Alternative Rotten Tomatoes Will Offer Aggregated Reviews and Ratings from Only Female Critics

Read on: IndieWire

Meet CherryPicks: a brand-new aggregate movie review and rating service that exclusively pulls from the work of female critics. Consider it an alternative to current aggregate behemoth Rotten Tomatoes, which remains mostly dominated by male critics and has become the handiest way for many movie-goers to get a handle on critical consensus regarding films, both new and old. CherryPicks wants to change the conversation.

Founded by director, producer, actor, and distributor Miranda Bailey, along with author, producer, and digital entrepreneur Rebecca Odes, the new service will launch its multi-platform website later this year. Later this month, the pair will introduce Cherry Bites, billed as “an email subscription that will spotlight women in criticism and female perspectives on media.”

“For years now, our industry has been proclaiming that we need change to include more minorities and females on both sides of the camera. This would be impossible to do in a speedy fashion, unless we can change the perceived desires of consumers,” said Bailey in an official statement. “How can we possibly change what consumers consider good and worthy content if the majority of critics who tell them what to want are predominately older white males?”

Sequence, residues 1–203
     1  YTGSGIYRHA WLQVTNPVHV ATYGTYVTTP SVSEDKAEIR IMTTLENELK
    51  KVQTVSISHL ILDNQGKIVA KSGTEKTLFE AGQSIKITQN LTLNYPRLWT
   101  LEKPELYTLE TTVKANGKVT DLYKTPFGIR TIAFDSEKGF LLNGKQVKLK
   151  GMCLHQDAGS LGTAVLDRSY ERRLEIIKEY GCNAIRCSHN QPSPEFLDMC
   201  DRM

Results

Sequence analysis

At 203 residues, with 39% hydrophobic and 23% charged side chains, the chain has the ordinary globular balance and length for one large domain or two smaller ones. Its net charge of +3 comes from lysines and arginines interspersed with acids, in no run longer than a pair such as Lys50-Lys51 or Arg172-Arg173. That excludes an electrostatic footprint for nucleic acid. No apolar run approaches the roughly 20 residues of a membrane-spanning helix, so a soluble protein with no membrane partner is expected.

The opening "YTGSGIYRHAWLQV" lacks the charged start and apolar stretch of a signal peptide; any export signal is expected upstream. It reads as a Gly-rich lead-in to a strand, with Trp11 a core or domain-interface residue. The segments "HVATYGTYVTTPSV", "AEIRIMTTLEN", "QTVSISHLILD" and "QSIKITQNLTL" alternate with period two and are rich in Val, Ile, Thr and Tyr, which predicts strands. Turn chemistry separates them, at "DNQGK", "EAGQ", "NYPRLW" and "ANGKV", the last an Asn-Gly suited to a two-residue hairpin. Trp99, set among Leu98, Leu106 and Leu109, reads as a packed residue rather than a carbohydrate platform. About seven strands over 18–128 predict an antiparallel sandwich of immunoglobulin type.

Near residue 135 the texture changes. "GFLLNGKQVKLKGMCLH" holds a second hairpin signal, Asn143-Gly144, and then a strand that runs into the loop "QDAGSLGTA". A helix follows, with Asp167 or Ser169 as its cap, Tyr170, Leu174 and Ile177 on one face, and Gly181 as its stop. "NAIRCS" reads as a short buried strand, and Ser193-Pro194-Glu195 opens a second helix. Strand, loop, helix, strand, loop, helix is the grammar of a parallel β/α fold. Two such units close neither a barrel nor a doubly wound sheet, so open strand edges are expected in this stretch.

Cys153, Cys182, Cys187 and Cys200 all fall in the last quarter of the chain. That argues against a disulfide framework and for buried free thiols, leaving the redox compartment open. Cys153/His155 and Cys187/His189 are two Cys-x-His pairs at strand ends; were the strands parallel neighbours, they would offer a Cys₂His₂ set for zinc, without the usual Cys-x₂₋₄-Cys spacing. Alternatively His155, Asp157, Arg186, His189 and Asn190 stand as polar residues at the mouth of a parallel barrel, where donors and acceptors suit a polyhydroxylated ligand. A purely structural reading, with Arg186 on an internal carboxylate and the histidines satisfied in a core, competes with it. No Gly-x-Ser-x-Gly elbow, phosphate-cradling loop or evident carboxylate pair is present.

CherryPicks aims to offer a “system that more accurately represents the range of critical and audience opinion, along with high-quality content from both established and new critical female voices.” The new service will provide “a new and nuanced approach to critical aggregation with women at its center.”

CherryPicks will also offer up its own four-tier rating scale, including:

Bowl of Cherries: Great. Must see.
Pair of Cherries: Good. Recommended.
Single Cherry: Mixed. You might like it, you might not.
The Pits: Self-explanatory.

The site will also score films using their own proprietary system, Cherry Check TM, which will use “the female lens” to provide relevant information for each film. That includes an expansion of the Bechdel Test “to evaluate films according to on- and off-screen gender representation, and other content considerations relevant to women.”

“Our goal with CherryPicks is to become the leading brand for the female perspective on media,” said Odes in an official statement. “The timing is perfect. The male-dominated culture of Hollywood has reached a breaking point. It’s time to start building the Hollywood of the future — one that recognizes the multi-tiered problem of gender bias — and correct it every step of the way.”

CherryPicks’ ambitious plan will also include original content, and the site will create its own podcasts, reviews, Top 10 lists, and interviews,” plus “online conversations” with females who are critics, filmmakers, writers, actors, and the CherryPicks team.

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